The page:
Journal Club: Diffusion-Weighted MRI in Transient Global Amnesia and Its Diagnostic Implications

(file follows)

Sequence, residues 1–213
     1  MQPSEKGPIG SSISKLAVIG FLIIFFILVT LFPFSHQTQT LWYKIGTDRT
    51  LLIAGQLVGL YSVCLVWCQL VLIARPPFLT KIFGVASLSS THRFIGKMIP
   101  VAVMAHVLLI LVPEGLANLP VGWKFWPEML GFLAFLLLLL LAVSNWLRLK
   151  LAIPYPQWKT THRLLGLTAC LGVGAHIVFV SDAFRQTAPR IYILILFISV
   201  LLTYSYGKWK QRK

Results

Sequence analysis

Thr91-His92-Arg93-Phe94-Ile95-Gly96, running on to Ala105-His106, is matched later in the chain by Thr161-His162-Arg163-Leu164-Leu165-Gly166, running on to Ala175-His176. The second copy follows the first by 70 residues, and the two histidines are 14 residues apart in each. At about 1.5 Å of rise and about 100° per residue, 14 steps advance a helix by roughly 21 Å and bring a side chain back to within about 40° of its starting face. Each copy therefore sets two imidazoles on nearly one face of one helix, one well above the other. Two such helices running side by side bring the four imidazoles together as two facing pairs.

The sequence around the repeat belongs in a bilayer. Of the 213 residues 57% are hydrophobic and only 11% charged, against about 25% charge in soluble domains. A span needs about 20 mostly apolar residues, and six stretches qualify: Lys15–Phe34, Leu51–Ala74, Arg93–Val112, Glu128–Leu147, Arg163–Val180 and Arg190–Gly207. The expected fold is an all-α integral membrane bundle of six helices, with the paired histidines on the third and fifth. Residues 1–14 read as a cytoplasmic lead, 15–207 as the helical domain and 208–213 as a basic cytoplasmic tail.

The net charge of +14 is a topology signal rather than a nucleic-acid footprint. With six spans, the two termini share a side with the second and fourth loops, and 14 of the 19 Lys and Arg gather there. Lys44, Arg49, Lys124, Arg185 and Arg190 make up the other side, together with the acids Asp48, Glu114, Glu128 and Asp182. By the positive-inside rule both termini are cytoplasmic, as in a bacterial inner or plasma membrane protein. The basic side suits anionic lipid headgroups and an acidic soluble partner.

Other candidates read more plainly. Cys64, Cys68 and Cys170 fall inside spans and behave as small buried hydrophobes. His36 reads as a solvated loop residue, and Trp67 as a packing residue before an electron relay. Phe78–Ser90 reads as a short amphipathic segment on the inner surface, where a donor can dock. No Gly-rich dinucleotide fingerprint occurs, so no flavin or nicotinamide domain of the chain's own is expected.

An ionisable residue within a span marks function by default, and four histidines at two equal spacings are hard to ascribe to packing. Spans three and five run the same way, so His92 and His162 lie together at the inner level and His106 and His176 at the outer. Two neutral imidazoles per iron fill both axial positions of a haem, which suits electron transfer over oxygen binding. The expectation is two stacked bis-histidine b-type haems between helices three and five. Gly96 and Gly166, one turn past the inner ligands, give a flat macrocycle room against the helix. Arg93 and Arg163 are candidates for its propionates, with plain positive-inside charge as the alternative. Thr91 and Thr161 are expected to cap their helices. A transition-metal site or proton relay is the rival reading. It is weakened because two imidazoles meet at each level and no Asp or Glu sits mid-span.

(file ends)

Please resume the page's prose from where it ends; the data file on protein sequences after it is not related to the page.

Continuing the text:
The term transient global amnesia (TGA) was introduced by C. Miller Fisher and Raymond D. Adams in 1958 to describe a condition characterized by the abrupt onset of dense anterograde amnesia, followed by a return to normal cognition after a number of hours.1 TGA’s underlying pathogenic mechanism remains a matter of debate,2 but transient dysfunction of brain regions deputed to memory, especially the hippocampus, appears to play a central role.2 While TGA is associated with delayed appearance (24–48 hours from symptom onset) of hippocampal lesions on diffusion-weighted imaging (DWI) magnetic resonance studies,3 diagnosis remains completely clinical, is based on diagnostic criteria established by Hodges and Warlow in 1990,4,5 and requires either direct observation of transient anterograde amnesia by a clinician or collateral from a capable observer who witnessed the episode.

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